Berto interrupted what had become a decidedly inelegant a fight, in the eighth. Early in the round he had send Quintana skip-stepping all the way across the ring with a glancing right, and it wasn’t much later that he landed the overhand right that proved the beginning of the end. Driving Quintana to the ropes he seized command to land 32 of 46 power punches, according to CompuBox, in the process of landing two dozen unanswered blows as he battered Quintana from pillar to post.

The attack was punctuated by a coup de grace of sorts – when a Berto right caught Quintana flush on his unprotected face, he pitched forward but somehow remained erect, but Kimmons, who could probably have stopped it any time over the final minute, at that point rescued Quintana at 2:16.

At the time of the stoppage Berto led 68-64 on the cards of all three ringside judges (Mike Pernick, Alejandro Rochin, and Jack Woodruff), and by the same score on The Sweet Science scorecard.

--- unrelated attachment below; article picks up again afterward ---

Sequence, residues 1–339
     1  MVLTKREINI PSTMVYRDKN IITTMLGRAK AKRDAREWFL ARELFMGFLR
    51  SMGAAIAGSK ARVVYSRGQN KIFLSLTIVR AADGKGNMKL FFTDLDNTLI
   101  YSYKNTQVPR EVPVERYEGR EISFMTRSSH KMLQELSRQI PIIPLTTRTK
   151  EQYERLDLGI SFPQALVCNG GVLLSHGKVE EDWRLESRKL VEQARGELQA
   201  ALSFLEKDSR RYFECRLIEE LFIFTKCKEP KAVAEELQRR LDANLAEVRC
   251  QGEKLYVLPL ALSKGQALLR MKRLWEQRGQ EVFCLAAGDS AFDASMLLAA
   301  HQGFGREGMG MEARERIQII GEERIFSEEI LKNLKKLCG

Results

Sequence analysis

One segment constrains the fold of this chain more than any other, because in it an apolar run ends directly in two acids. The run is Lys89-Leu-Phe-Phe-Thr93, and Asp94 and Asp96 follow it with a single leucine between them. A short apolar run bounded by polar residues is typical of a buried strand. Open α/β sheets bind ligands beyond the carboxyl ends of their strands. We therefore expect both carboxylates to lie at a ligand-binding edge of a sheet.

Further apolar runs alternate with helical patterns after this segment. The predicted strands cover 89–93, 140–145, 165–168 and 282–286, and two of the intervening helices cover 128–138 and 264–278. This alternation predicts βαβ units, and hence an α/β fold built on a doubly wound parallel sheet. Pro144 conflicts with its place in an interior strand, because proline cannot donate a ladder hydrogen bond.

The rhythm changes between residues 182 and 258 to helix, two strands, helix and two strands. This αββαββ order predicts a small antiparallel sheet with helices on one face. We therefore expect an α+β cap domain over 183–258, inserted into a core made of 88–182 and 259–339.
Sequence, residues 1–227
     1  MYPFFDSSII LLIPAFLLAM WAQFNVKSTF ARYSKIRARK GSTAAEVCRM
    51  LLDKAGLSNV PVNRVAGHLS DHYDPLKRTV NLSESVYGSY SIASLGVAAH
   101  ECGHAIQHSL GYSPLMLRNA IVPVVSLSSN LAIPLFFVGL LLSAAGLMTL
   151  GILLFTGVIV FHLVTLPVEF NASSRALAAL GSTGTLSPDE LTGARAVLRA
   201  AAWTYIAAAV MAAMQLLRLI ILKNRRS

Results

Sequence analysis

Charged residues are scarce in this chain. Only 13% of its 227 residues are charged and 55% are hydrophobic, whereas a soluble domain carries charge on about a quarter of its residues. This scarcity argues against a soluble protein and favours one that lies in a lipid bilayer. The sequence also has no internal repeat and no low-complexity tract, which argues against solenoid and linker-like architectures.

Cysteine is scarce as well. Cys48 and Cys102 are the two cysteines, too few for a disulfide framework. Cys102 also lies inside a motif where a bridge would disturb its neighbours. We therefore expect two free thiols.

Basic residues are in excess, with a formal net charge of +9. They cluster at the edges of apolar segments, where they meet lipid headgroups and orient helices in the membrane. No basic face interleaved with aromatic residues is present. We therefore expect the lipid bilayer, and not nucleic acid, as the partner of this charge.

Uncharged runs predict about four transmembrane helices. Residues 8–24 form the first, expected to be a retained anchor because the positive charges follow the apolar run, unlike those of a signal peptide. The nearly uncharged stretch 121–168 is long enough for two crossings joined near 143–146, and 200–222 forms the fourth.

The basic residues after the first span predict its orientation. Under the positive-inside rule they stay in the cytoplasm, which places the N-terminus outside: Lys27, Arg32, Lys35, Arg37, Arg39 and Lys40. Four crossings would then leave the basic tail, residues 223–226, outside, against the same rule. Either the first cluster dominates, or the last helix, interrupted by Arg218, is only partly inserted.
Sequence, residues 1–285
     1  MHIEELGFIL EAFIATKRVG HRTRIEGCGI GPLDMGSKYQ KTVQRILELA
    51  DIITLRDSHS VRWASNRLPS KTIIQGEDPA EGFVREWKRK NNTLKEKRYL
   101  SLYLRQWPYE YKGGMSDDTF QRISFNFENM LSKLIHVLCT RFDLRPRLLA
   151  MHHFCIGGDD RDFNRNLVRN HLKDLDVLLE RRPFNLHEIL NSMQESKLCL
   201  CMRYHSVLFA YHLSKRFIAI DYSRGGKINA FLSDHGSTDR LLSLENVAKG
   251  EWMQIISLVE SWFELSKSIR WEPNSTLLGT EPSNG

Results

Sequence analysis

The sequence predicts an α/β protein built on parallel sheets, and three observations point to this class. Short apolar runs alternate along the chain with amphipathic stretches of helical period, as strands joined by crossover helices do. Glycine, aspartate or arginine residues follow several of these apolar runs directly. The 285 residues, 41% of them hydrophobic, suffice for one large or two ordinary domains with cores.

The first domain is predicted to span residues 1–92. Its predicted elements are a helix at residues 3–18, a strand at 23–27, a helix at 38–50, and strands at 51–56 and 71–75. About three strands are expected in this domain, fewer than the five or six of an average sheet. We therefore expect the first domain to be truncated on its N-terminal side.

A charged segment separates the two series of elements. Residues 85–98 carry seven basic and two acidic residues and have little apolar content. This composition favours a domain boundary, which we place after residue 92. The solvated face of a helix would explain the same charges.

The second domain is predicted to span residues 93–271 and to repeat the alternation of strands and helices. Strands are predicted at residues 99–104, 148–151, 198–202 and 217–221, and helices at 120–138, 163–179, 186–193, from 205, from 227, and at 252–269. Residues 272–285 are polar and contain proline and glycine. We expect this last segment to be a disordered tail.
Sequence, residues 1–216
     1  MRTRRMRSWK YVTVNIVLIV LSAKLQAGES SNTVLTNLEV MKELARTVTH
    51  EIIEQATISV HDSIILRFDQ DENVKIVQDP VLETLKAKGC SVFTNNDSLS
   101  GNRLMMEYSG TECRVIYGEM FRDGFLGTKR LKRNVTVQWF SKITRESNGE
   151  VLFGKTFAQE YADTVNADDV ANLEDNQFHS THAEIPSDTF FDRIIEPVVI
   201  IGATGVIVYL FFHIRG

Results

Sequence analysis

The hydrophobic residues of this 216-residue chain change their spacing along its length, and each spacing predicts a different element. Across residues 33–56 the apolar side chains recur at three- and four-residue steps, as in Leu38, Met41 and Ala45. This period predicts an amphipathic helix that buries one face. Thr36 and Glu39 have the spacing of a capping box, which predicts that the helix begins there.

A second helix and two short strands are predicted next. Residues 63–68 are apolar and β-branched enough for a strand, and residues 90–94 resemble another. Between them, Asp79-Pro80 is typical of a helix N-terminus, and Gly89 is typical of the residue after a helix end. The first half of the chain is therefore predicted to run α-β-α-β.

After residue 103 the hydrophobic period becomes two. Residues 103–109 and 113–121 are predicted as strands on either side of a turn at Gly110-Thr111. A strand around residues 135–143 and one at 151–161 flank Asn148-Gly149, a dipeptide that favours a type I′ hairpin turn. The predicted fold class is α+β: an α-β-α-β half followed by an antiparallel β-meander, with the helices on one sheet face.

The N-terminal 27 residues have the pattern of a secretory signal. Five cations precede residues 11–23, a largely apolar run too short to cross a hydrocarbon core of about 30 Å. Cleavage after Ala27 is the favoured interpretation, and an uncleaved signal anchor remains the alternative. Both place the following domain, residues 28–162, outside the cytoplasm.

Berto remained undefeated at 26-0. Quintana, who had previously lost only to Miguel Cotto and Paul Williams, is now 27-3.

Lou DiBella’s eight-bout “Fighting For Haiti” card at the BAC had been stitched together after Berto, beset by concerns over his ancestral homeland, withdrew from a scheduled unification fight against Shane Mosley. Even though the proceeds from Saturday’s show were ticketed for two Haitian relief funds, tickets moved slowly, in part as a result of Don King having enthusiastically papered the house for a couple of previous boxing cards at the Sunrise venue. Not only were the locals slow to buy tickets for Berto-Quintana, many of them angrily demanded know why they weren’t getting free ticket “vouchers” for this one, too.

If it seemed unclear that there would be substantial proceeds to forward to the relief effort, Berto remained resolute. “Just standing there in the ring with the [Haitian] flag made a statement,” said Berto, who has quietly made several unpublicized trips back to Haiti over the past five months. “It showed them that we care.”